It has great appeal with historians and photographers as well as visitors. Children love to stroll through the village, appearing like giants over the miniature buildings. Also situated in the model village is miniature world which is a unique exhibition of room sets and scenes such as grocer’s stalls and classrooms from a bygone era.

Another great experience for all the family to enjoy on a visit to Bourton-on-the-Water. The model village is open every day of the year except for Christmas day, but if you visiting in the winter time do check ahead of your visit if there has been any snowfall, as for safety reasons the village cannot open when there has been significant snowfall in the area.

The Model Village Website

Model Village Bourton On The Water 

The Cotswolds Perfumery Exhibition

Well worth a visit is the Perfumery exhibition, it has been blending perfumes for well over 40 years in the heart of Bourton-on-the-Water. As well as a splendid garden filled with plants and flowers chosen for their aroma there is a shop where customers can test all the fragrances.

If you are interested in seeing how the perfumes are made then there are also tours available of the factory where your sense of smell will be tested to the limits. The tours give a unique behind the scenes look at a business that is still today manufactures by hand by a small team of dedicated staff.

The perfumery is quite unusual in itself that it is only one of three manufacturers and retailers of perfume in the whole of Europe. The tours start in the perfume garden and take in the compounding room, the laboratory and the packing room. All tours last for 45 minutes and all bookings must be made in advance.

Bourton-on-the-Water Model Railway Exhibition and Toyshop

The model railway exhibition is a real delight for any fan of model railways child or adult! It has over 500 feet of model railway with over 40 British and Continental trains. With some of the most impressive scenery, including mountains, industrial and suburban areas it makes great viewing following the train on its journey.

You also have the chance to watch the trains as they go from day to night and see the model railway as it would be at night time with some fantastic light shows. On site is also a toy shop selling an extensive range of model railways and trains.

Model railway Exhibition Bourton on The Water 

The Cotswold Motoring Museum – Bourton-on-the-Water

The motoring museum is a journey through the 20th Century with a collection of classic cars, vintage cars and caravans, motorcycles and motoring curiosities. There is an educational learning zone, where children from early years onwards can experience workshops all about the era of motoring.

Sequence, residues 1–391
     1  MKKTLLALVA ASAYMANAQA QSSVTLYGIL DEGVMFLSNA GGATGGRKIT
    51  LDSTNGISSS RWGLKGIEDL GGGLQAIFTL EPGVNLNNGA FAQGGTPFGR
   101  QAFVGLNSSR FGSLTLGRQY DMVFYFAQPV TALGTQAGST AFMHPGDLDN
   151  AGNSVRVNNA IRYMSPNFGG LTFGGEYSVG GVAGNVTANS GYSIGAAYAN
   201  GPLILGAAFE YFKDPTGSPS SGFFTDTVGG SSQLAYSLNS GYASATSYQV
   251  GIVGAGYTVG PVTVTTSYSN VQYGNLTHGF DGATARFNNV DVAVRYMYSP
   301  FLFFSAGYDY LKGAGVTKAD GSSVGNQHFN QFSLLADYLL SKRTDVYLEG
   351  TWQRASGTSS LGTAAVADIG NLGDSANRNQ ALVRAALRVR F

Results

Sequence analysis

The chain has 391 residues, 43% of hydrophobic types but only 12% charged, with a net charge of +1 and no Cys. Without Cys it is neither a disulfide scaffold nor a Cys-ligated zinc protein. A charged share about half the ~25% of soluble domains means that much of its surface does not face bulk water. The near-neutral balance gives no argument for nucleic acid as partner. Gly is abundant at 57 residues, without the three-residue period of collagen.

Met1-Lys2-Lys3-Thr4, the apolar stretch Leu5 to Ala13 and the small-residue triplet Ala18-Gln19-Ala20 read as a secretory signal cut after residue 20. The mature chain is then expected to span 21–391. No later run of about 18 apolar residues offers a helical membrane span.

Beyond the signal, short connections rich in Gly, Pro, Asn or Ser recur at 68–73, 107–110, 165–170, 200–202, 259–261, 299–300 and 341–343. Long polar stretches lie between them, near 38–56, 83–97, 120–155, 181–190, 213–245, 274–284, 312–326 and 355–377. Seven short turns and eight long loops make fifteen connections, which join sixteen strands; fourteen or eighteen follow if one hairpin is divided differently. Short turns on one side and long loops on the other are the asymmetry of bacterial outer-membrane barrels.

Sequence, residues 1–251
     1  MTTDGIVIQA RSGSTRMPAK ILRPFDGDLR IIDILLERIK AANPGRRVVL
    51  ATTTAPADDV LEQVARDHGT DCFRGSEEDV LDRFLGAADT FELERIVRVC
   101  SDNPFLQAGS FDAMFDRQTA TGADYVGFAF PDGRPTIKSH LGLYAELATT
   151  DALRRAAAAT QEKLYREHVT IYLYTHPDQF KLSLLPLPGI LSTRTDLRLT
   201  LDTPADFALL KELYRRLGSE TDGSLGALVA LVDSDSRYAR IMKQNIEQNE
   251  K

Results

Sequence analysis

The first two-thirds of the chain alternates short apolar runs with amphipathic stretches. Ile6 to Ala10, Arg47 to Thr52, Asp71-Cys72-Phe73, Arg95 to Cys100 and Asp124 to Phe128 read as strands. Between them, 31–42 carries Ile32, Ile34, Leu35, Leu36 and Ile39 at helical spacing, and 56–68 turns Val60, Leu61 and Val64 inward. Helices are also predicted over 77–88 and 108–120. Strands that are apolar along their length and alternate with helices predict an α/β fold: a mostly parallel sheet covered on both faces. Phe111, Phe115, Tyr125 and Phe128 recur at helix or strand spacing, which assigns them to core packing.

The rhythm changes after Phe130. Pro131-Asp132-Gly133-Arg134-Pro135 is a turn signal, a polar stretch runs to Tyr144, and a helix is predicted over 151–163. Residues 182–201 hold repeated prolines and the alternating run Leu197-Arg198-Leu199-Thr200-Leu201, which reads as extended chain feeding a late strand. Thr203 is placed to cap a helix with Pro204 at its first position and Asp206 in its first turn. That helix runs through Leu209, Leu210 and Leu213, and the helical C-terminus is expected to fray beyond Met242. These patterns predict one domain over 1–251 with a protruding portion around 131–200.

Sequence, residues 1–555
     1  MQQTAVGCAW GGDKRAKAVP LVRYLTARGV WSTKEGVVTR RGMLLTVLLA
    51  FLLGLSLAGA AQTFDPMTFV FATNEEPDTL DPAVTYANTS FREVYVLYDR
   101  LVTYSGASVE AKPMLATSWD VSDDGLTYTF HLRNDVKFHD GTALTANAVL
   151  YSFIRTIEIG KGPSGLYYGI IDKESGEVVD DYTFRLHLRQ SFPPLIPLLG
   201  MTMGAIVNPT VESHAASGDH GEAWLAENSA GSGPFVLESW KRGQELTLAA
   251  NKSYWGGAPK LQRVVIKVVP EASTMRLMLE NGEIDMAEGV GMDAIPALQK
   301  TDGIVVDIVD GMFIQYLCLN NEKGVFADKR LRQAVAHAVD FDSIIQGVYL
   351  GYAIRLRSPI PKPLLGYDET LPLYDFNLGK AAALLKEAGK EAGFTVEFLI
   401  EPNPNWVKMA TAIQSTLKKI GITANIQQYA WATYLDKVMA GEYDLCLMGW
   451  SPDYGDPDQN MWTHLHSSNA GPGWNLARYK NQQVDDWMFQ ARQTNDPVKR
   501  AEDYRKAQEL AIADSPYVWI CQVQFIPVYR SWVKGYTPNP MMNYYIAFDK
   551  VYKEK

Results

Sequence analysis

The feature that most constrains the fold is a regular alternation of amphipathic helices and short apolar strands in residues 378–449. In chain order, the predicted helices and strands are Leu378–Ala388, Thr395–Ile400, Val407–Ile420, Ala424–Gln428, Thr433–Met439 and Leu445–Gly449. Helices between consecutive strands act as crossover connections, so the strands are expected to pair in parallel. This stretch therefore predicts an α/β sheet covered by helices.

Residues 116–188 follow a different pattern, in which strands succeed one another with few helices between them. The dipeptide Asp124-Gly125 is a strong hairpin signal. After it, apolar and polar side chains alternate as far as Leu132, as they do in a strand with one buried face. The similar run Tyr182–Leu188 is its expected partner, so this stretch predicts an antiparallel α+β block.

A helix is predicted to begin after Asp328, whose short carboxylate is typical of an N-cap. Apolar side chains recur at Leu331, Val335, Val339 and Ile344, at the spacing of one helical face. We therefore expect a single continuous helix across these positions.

As well as the normal exhibitions of motoring the museum also hosts new exhibitions each year. Open between February and December each year family ticket discounts are available to purchase. If you are a CMSA club member there is also 10% off entrance fees.

Motor Museum Bourton On The Water

With all of the above attractions to visit you can be sure of a fun filled time when visiting Bourton-on-the-Water with something for everyone to enjoy.

Gloucestershire Historic Cotswold Places

Stanway House

While visiting Gloucestershire in the Cotswolds, you’ll want to take some time to stop by some of the region’s beautiful manor house.  One such manor house is the Jacobean Stanway House, well known for its lovely grounds and famous Stanway Fountain.  The fountain rises more than 300 feet and is the tallest fountain in all of Britain.  It’s also the second tallest fountain in all of Europe and the tallest gravity fountain in the world.  The only fountain taller in Europe is the famous 400 foot fountain in Lake Geneva, which is driven by a turbine.  While the fountain is probably the feature that accords the manor house its special fame above and beyond that of other houses in the area, it is just one of many reasons to consider adding the manor to your itinerary.

The house itself has an elegant façade constructed of the golden stone which is characteristic of Cotswolds architecture.  Most of the furniture in the house is original and has been there since it was originally constructed.  Part of the draw of the house for visitors is that unlike some other manor houses in the region, it doesn’t feel like a museum.  It feels very much like a lived-in house, which means it is easy to imagine the lives of the people who did inhabit the house, including the Earls of Wemyss.

The gardens surrounding the Stanway House and Fountain are considered to be world class.  The Stanway Watergarden was created in the 1720s, most likely by gardener Charles Bridgeman.  Bridgeman is credited with creating the English gardening style that followed the previously popular Franco-Dutch style.  The most famous feature is the Canal, which is a manmade waterfall situated on a terrace 25 feet above the house and another called the Cascade which comes from the water that flows out of the Pyramid Pond.  There is also a lovely pond called the Tithe Barn Pond, wide green lawns, and delightful groves of trees providing shade.